By Danielle Rose
Newport, Rhode Island, “The City by the Sea,” has a history that is inexorably tied to Narragansett Bay and the Atlantic Ocean. Clean Ocean Access (COA) is an environmental organization with a mission to educate local communities to engage in more environmentally responsible habits. They bring awareness to how our actions on land affect our waterways. The link between the health of land and the health of the sea begins with people; easy curbside composting in RI is the key to helping the environment. Through a concerted plan of action, COA is bringing awareness to our community.
Compost: from garbage to garden, a zero waste initiative
Compost is decayed or rotting organic material (such as plants) that returns nutrients back to the soil for plants to use. Recycling waste through composting reduces landfill and reduces the need for chemicals that eventually enter the oceans as runoff. Compost is the most natural way to condition and improve the soil naturally. Unfortunately, backyard composting bins can take months to break down household food scraps and yard waste into soil. This makes it difficult to effectively compost all household waste that could otherwise be diverted from landfills.
Black Earth Revival
According to Eva Touhey, COA’s Program Manager for the Healthy Soils Healthy Seas Rhode Island (HSHSRI) composting initiative, the program’s mission is to engage 2000 Newport County households in a program that collects scraps, processes them more efficiently, and returns to them rich usable compost. Engaging households to reduce their overall trash footprint is only one part of the solution. Businesses also need to play their part.
Therefore, COA and HSHSRI have teamed up with Black Earth. With two processing facilities, one in Groton, MA, and the other in Manchester, MA, they have the capability to collect literally tons of scraps from household and commercial locations and efficiently break it down into usable compost. The compost is then distributed to participating households for home use, and sold to farms for commercial use.
Depending on the volume of waste produced, businesses will receive 32-48 gallon receptacles for their organic waste. Whether residential or commercial, the receptacles are then emptied on a weekly or bi-weekly basis, similar to municipal curbside trash or recycling programs.
Municipalities like have different ways of funding this collaboration, from a “pay was you throw” to established transfer stations. As people see the benefits of these initiatives, they are able to bring new areas on board. Newport, Middletown and Portsmouth have been able to take advantage of the curbside compost program for a few years, and recently, Jamestown, and Bristol are also able to take advantage of it as well. The current roster of curbside composting clients include 60 commercial food-generating businesses accounts (including food pantries) and about 700 households throughout the area.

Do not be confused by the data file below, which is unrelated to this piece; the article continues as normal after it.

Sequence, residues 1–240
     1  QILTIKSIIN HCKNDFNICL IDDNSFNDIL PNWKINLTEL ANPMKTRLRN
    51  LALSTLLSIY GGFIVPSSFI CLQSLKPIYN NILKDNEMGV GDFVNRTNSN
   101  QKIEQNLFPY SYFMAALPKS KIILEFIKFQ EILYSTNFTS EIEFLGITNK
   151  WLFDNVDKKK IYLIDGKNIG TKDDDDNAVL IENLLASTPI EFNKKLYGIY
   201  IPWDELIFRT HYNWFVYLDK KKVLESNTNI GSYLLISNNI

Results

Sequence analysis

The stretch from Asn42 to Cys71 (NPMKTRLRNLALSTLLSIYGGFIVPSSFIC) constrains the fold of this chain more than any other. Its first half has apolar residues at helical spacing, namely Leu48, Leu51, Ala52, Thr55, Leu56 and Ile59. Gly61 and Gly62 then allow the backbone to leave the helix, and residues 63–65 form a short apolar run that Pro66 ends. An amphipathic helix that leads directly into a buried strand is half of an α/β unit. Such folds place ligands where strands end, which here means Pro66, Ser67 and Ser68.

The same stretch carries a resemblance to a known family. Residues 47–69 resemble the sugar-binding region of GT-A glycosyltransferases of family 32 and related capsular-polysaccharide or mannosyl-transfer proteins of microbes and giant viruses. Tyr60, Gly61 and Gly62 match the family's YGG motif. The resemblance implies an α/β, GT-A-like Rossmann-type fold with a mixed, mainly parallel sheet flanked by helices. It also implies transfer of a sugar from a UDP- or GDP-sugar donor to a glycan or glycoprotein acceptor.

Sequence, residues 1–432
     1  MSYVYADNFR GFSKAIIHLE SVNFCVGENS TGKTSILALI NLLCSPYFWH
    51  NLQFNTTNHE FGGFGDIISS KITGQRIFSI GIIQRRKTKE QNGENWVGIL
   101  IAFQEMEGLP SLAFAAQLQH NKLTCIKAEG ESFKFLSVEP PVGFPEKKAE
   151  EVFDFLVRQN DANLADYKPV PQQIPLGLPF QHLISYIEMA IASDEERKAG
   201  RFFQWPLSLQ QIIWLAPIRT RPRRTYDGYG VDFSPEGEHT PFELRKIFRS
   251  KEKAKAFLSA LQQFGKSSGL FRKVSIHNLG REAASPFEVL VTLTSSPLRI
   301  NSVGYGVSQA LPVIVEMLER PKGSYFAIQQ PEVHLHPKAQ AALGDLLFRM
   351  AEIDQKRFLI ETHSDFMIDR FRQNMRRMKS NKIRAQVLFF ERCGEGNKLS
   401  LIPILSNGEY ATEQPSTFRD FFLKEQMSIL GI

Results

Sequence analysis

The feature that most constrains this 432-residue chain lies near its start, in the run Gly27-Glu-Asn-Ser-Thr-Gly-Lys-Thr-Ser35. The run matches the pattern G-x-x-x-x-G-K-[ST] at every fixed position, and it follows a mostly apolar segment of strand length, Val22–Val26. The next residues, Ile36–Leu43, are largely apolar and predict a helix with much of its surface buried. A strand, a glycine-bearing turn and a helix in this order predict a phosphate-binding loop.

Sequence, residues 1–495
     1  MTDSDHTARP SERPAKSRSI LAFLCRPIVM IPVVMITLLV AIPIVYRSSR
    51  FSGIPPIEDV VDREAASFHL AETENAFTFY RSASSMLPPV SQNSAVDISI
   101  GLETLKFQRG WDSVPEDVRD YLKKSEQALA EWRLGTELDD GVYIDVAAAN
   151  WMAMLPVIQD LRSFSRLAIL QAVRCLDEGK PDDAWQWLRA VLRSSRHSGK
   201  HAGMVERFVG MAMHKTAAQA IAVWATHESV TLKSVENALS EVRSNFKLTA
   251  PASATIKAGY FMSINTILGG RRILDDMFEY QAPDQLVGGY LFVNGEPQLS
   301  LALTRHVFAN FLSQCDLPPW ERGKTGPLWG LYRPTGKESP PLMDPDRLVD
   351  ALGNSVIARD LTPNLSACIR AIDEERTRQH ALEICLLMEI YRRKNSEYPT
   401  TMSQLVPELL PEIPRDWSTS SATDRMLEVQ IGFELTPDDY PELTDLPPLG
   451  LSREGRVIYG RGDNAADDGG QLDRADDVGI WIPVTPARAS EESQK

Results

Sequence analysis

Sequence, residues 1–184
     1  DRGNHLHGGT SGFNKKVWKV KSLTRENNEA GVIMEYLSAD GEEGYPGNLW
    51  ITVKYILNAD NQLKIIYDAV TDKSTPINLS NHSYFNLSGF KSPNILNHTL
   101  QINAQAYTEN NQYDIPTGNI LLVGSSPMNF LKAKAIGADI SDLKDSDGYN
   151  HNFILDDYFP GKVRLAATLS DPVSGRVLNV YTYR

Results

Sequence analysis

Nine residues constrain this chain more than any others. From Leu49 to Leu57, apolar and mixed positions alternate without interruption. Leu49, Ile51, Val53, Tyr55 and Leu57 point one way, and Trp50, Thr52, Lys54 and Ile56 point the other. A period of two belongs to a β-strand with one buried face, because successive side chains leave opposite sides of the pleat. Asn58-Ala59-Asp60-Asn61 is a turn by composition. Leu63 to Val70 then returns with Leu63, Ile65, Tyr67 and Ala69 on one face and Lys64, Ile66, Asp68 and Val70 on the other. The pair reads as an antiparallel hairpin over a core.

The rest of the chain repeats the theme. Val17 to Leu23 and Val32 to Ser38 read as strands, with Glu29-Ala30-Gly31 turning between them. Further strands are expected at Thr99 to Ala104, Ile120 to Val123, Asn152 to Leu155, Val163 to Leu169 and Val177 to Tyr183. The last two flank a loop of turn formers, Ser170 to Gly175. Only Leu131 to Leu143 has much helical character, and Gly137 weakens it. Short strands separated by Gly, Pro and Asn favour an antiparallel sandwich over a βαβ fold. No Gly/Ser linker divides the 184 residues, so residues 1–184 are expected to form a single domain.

Easy curbside composting in RI
Due to climate change and an increase in heavy rain events, one of the biggest water quality issues is stormwater runoff. After a big weather event, water runs off of roofs, driveways, and lawns into the street. All that runoff, and anything caught up or dissolved into the water, (such as chemical fertilizers and garbage) goes into storm drains and finds its way into the waterways. As a soil amendment to yards or gardens, compost helps absorb more water before it goes into waterways. It encourages plant growth which helps to reduce runoff even more thanks to healthy root systems. Plants use carbon to grow, so using compost also helps absorb carbon into the atmosphere, providing an overall healthier ecosystem.
COA becoming a leader for a more sustainable RI
COA and Healthy Soils Healthy Seas R.I. is also the sustainability partner for Bowens Wharf Oyster festival, where they collected oyster shells for reef restoration. The program is also working with Newport Film outdoor music series to help reduce waste at events all summer long. Other partnering organizations include The International Tennis Hall of Fame, the Norman Bird Sanctuary at their Harvest Fair. and the seafood festival at Bowen’s Wharf.
“RI is a unique place to trial things like this because we have so many things in our municipalities that are transferable to other places,” Eva said. “‘The City by the Sea’, located in ‘The Biggest Little State in the Union’ can become an example for other cities and states to take the initiative to close landfills, protect the environment and make our communities more sustainable.”
To discover how you can take part in easy curbside composting in RI, and take advantage of special HSHSRI subsidized pricing, contact Clean Ocean Access and the Healthy Soils Healthy Seas Initiative at 401-236-2561.